Gate Location

gate location

To prevent animals from getting caught in dead-end corners, ensure that gates are located so that they do not inhibit the natural flow of livestock to water, to the barn or other handling facilities, or to the next paddock.

Gates need to be located so they do not interfere with the natural movement of livestock as they travel to and from the barn or water. Generally, gates should be located in the corner of the paddock that is closest to the direction the livestock need to travel. If they are not, although some of the livestock will find their way out of the paddock, there will always be a few that will end up trapped in a gateless corner trying to figure out how to destroy a fence.

Laneways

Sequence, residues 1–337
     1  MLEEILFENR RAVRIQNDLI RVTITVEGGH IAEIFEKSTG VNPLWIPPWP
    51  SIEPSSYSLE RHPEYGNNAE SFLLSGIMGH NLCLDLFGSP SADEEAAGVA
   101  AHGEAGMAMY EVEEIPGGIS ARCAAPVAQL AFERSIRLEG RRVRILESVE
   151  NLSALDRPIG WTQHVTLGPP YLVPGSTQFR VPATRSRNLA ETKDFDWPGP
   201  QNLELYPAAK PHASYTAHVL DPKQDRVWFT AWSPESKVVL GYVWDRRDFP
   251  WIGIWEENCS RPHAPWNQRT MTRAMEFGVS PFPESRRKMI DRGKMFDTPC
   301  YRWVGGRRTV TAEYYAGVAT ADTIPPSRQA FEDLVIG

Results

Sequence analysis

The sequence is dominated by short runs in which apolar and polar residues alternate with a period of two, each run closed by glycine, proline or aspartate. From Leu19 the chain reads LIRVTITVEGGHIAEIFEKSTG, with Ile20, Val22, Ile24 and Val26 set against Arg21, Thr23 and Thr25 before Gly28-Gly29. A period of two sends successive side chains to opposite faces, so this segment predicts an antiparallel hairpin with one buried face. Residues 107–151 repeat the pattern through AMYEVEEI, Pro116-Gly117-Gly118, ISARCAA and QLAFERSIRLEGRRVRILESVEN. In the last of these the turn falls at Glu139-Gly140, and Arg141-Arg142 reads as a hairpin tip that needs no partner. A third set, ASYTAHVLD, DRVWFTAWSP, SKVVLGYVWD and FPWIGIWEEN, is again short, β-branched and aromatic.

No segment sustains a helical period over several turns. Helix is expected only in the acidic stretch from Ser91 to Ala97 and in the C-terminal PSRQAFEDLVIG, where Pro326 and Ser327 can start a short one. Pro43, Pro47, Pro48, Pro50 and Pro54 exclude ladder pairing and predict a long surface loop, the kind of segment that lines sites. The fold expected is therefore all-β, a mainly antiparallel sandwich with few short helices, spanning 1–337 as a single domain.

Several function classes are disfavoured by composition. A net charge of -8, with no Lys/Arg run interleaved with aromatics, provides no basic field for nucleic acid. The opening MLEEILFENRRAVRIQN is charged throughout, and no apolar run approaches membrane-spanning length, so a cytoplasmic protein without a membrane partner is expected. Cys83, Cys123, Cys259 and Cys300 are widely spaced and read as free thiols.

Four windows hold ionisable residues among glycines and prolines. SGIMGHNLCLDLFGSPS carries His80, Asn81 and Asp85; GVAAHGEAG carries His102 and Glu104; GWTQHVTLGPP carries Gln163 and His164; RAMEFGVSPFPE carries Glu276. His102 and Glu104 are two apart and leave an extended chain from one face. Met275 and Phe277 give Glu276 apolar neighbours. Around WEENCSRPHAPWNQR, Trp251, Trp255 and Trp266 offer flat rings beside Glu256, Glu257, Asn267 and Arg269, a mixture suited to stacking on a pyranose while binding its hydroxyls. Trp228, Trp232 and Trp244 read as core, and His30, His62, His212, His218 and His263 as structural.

Laneways should be constructed so that livestock can be easily moved from one paddock to another, to the water supply, and to the barn or other facility. If the laneway is just for livestock movement, it need not be more than 10 feet wide. However, if the laneway is required for machinery access to the paddocks, it needs to be wide enough (especially at the gate openings) to get your largest harvesting or other machinery through. In heavy traffic areas, gravel, shale, crushed limestone, concrete, or other substrate may have to be utilized to prevent livestock from turning the laneway into a wallow. If necessary, a culvert pipe may be needed or a bridge built. Being able to get livestock to the pasture is as important as producing the forage in the pasture.